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Novelist Ian McEwan plays for both teams in East Jerusalem

The British author visited the Sheikh Jarrah protest – but also intends to receive the Jerusalem Prize for Literature from the patron of the city’s settlers, mayor Nir Barkat

Authors Ian McEwan and David Grossman at the Sheikh Jarrah protest (photo: Solidarity Sheikh Jarrah)

The celebrated British author Ian McEwan joined today the weekly protest in the neighborhood of Sheikh Jarrah, where Palestinian families have been evacuated from their homes to make room for Jewish settlers.

Ironically, McEwan arrived to Israel to receive the Jerusalem Prize for Literature from the hands of the city’s mayor, Nir Barkat. Mayor Barkat is one of the driving forces behind recent attempts to expand Jewish settlements and housing projects into Palestinian East Jerusalem. Currently, he even refuses to carry out an Israeli court order demanding the immediate evacuation of a house in the Palestinian neighborhood of Silwan, illegally built by rightwing settlers. Many grassroots activists blame Barkat for the rising tension between Jews and Arabs in the city.

Before flying to Israel, McEwan rejected calls from a group called British Writers in Support of Palestine to turn down the Jerusalem Prize. In his replay he wrote:

“There are ways in which art can have a longer reach than politics […] Your ‘line’ is not the only one. Courtesy obliges you to respect my decision, as I would yours to stay away.”

The protest in Sheikh Jarrah started a year and a half ago, following the evacuation of two Palestinian families from their homes. Since then, more eviction orders have been issued, and construction began for a new housing project for Jews at the site of the old Shepherds Hotel, also in Sheikh Jarrah. Solidarity Sheikh Jarrah, which leads the protest in the neighborhood, has recently organized demonstrations in other parts of the city where Palestinians are threatened by eviction orders and by new municipal plans, among them in Silwan.

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    1. we can say the same of everyone who is an activist on behalf of the rights of the palestinians but go to the army of Israel. WE dont play for the both teams?. Everyone of us(israelies) know what the army do and, maybe we can ask to do service not in the territories or far away of the “heat zone”, but in the end is the same.
      Barkat will give it, but it is not the “Barkat Prize”. Writers like Borges, Simone de Beauvoir, Graham Greene, Don DeLillo, Susan Sontag got it. And I dont know the super big difference between get it from the hands of Olmert and Kollek than from the hand of Barkat. Anyone of this mayors contribute to rising tension between Jews and Arabs in the city.
      And yes, Kollek too!!
      I think we have to apreciate that he was in Sheikh Jarrah instead of eating hummus in the “City of david ” or Beit Yonathan.

      Reply to Comment
    2. Plays for both teams? If only it were that simple to reduce complex human interactions down to seeing them as being for one side or the other. That seems to me to be what helps create immovable barriers – either you’re for us or against us, whereas permeable barriers have more potential.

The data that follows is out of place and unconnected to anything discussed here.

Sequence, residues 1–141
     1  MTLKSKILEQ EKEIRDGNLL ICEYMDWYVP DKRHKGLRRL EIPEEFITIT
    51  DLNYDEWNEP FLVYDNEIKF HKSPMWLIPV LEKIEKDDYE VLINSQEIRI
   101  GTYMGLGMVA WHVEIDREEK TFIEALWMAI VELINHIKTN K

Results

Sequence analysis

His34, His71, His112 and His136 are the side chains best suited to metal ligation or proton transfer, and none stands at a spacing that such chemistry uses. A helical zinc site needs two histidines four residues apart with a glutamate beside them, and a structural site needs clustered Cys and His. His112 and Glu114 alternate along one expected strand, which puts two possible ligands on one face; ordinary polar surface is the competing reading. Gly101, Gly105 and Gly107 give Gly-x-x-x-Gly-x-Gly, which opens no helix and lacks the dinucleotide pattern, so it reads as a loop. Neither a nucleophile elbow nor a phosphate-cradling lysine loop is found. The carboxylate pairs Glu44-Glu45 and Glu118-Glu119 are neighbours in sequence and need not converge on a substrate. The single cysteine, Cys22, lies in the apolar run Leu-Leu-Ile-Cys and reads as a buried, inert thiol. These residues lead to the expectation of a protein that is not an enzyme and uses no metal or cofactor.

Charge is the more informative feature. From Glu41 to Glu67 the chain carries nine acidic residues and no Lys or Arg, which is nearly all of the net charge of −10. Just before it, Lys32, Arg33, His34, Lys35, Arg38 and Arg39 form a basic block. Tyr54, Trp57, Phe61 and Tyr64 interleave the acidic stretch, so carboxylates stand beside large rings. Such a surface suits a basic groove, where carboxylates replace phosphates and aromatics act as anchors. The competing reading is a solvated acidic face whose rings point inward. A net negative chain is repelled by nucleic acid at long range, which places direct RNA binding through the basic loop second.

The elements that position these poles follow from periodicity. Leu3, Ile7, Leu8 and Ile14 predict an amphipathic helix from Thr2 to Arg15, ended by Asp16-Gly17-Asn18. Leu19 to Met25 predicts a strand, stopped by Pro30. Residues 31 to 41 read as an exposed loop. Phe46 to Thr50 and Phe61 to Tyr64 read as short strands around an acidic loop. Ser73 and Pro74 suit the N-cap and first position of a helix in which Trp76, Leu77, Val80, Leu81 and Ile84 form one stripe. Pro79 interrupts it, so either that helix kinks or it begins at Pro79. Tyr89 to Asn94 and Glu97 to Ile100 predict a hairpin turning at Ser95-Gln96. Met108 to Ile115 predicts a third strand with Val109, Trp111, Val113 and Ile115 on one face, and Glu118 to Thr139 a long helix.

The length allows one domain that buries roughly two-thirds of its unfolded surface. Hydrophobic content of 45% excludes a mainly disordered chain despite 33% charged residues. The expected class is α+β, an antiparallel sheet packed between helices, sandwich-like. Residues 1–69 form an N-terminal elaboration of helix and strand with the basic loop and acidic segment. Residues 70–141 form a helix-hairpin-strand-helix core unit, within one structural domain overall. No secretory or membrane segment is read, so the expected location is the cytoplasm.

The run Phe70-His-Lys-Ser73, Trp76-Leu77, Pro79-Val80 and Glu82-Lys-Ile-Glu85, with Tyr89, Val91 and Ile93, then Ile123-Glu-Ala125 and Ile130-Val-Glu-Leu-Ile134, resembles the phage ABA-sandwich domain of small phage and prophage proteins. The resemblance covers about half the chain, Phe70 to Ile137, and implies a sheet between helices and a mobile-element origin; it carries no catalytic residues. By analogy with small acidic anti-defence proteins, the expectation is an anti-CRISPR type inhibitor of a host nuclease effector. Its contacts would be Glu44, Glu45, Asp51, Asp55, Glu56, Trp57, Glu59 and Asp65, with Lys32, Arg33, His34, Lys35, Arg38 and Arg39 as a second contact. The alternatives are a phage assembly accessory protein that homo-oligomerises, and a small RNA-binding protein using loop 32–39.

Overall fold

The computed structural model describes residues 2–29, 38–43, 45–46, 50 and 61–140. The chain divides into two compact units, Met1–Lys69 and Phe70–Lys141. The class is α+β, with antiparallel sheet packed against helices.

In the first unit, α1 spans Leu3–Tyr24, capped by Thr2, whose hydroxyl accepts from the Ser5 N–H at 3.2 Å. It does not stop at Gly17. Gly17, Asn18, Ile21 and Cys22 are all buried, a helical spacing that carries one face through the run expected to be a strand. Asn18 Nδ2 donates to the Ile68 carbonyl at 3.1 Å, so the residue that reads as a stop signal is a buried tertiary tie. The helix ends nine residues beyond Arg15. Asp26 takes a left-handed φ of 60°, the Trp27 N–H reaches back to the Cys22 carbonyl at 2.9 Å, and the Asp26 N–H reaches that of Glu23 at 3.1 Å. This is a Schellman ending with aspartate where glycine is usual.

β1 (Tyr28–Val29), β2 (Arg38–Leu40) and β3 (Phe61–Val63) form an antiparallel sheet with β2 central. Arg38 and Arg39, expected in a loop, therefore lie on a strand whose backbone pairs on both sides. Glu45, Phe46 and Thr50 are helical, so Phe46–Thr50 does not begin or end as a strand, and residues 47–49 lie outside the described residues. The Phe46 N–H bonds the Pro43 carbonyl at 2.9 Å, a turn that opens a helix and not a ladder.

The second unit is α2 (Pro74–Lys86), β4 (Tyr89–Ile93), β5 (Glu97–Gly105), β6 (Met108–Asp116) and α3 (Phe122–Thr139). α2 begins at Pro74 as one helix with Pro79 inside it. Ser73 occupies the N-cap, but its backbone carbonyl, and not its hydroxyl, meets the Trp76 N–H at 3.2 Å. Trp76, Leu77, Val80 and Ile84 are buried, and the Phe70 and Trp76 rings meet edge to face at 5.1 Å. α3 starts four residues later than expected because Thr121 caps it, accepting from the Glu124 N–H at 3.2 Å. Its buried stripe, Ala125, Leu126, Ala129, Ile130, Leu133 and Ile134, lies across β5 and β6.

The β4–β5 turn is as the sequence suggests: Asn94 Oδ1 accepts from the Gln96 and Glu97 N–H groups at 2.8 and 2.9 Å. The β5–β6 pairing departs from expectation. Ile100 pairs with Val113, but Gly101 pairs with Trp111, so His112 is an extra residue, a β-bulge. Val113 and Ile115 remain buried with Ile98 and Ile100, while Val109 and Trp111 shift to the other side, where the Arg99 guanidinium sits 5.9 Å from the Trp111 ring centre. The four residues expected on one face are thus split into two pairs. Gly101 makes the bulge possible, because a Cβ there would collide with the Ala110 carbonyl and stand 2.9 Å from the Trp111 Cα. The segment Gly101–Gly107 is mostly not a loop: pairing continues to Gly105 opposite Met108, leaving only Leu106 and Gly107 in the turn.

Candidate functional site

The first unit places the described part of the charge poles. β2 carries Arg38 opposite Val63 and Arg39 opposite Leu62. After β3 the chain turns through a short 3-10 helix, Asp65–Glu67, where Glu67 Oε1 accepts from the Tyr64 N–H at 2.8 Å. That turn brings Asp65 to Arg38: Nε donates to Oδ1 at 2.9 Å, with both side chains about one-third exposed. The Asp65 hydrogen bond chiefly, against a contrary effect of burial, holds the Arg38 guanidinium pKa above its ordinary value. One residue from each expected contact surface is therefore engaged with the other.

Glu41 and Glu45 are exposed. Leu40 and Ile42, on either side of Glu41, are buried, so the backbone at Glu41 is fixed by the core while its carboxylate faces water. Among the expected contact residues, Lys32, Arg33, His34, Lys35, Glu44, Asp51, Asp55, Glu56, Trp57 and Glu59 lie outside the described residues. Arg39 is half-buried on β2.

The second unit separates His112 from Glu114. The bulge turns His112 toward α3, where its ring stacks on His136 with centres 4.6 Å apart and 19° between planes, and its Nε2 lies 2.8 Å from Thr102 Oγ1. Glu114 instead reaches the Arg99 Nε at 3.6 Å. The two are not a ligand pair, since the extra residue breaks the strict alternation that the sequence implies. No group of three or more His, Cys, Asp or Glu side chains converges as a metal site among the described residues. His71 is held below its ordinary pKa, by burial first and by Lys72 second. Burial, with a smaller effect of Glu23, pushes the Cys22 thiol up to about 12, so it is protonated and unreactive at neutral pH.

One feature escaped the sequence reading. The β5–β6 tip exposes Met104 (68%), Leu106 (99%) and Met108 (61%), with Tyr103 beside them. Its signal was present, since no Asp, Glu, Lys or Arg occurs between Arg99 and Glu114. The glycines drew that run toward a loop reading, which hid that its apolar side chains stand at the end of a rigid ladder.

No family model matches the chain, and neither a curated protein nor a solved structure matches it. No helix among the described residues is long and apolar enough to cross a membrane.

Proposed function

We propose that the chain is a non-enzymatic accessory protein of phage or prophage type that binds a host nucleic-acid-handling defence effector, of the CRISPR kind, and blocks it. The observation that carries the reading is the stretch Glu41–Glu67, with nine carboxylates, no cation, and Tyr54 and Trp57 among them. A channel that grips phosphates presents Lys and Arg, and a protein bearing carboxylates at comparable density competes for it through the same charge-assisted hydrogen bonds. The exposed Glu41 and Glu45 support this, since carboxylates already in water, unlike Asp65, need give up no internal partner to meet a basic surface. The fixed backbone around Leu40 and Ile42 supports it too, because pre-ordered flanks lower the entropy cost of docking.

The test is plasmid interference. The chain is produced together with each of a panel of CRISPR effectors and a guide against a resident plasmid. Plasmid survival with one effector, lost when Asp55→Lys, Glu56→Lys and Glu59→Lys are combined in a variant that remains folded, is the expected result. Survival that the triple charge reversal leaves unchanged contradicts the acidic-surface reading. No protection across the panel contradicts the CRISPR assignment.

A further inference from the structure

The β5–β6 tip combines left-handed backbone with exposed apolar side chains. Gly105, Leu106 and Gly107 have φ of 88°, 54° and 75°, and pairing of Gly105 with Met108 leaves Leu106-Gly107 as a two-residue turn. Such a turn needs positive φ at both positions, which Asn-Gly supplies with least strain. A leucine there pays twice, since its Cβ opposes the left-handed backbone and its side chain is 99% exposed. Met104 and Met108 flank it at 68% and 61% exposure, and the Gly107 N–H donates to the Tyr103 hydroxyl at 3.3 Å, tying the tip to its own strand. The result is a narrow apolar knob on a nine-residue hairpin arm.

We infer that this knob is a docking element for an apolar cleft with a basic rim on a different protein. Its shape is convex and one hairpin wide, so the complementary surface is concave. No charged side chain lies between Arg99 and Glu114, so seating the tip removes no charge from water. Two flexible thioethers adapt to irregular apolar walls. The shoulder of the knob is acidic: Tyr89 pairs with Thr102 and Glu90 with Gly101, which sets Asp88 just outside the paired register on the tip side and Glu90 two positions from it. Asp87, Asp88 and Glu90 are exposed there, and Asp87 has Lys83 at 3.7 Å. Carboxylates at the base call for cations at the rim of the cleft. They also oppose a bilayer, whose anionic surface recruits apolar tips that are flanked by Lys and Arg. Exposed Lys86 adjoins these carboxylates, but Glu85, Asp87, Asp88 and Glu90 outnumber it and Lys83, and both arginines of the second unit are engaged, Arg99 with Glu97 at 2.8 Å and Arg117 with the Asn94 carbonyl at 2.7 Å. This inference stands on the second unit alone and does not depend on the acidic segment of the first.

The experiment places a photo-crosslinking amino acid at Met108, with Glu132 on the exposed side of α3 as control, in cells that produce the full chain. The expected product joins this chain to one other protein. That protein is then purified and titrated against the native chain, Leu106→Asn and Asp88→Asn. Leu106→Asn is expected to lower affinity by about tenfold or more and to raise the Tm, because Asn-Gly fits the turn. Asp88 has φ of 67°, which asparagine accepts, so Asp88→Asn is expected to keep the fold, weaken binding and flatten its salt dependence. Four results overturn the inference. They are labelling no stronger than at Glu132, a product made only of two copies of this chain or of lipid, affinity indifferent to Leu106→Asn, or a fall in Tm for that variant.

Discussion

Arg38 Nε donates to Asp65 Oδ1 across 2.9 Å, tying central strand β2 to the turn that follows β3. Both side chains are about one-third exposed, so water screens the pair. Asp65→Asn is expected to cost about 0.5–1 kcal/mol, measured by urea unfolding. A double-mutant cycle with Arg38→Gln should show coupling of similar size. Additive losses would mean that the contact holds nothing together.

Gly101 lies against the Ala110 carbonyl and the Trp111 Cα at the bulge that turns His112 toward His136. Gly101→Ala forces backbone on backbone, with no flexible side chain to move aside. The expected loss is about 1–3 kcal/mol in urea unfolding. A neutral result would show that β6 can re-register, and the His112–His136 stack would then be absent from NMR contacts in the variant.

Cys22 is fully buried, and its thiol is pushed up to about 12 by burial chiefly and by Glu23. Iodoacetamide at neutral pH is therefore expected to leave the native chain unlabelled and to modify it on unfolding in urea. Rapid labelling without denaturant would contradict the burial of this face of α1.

I too think we have to be glad Ian McEwan went to Sheikh Jarrah where he could be photographed, filmed and written about. Maybe he too will write about it all. That would be great.

      Reply to Comment
    3. Roberto Ventrella

      Ci sono persone come McEwan, come Grossman, che si fanno fotografare a Sheikh Jarrah e poi vanno a stringere la mano a Barkat… Poi verrà Umberto Eco che farà altrettanto, poi Yehoshwa, poi Oz, e poi , e poi, e poi ancora altri. Poi ci sono persone, che pur invitati a ricevere un premio in Israele, non ci andranno mai! Tra queste due tipologie di persone c’è una differenza sostanziale che i napoletani definiscono molto semplicemente così: “uommene e uommenicchi”, con l’aggiunzione, a volte e non obbligatoria, di un terzo attributo: “uommen’ ‘e merda”, sostituito , in casi estremi, da un altro termine: “quacquaracquà”.
      È solo una questione di semplice onestà (non necessariamente intellettuale).

      Reply to Comment
    4. I’d only see a dilemma if McEwan acted in an opportunistic manner. He did not. Instead, he bravely used the stage to tell some unpleasent truths, e.g.

      “I’d like to say something about nihilism. Hamas whose founding charter incorporates the toxic fakery of the Protocols of the Elders of Zion, has embraced the nihilism of the suicide bomber, of rockets fired blindly into towns, and embraced the nihilism of an extinctionist policy towards Israel. But (to take just one example) it was also nihilism that fired a rocket at the undefended Gazan home of the Palestinian doctor, Izzeldin Abuelaish, in 2008, killing his three daughters and his niece. It is nihilism to make a long term prison camp of the Gaza Strip. Nihilism has unleashed the tsunami of concrete across the occupied territories. When the distinguished judges of this prize commend me for my ‘love of people and concern for their right to self-realisation’, they seem to be demanding that I mention, and I must oblige, the continued evictions and demolitions, and relentless purchases of Palestinian homes in East Jerusalem, the process of right of return granted to Jews but not Arabs. These so-called ‘facts on the ground’ are a hardening concrete poured over the future, over future generations of Palestinian and Israeli children who will inherit the conflict and find it even more difficult to resolve than it is today, more difficult to assert their right to self-realisation.”

      Reply to Comment
    5. ilana sebba

      There is no irony and no contradiction; Ian McEwan is accepting a LITERARY prize and stating his views, he is trying to present a balanced view, and i think it’s great.

      Reply to Comment